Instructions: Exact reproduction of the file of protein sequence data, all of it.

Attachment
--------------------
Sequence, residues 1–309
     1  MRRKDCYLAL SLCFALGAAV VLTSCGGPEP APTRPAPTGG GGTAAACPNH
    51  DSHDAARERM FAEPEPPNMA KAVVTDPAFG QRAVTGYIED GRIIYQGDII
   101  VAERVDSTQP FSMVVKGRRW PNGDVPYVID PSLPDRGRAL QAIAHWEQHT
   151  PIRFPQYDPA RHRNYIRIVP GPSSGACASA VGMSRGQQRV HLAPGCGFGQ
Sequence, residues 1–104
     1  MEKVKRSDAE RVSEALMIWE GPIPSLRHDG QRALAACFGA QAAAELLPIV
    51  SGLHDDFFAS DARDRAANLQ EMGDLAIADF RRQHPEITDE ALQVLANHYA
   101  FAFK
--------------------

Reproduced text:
Sequence, residues 1–309
     1  MRRKDCYLAL SLCFALGAAV VLTSCGGPEP APTRPAPTGG GGTAAACPNH
    51  DSHDAARERM FAEPEPPNMA KAVVTDPAFG QRAVTGYIED GRIIYQGDII
   101  VAERVDSTQP FSMVVKGRRW PNGDVPYVID PSLPDRGRAL QAIAHWEQHT
   151  PIRFPQYDPA RHRNYIRIVP GPSSGACASA VGMSRGQQRV HLAPGCGFGQ
Sequence, residues 1–104
     1  MEKVKRSDAE RVSEALMIWE GPIPSLRHDG QRALAACFGA QAAAELLPIV
    51  SGLHDDFFAS DARDRAANLQ EMGDLAIADF RRQHPEITDE ALQVLANHYA
   101  FAFK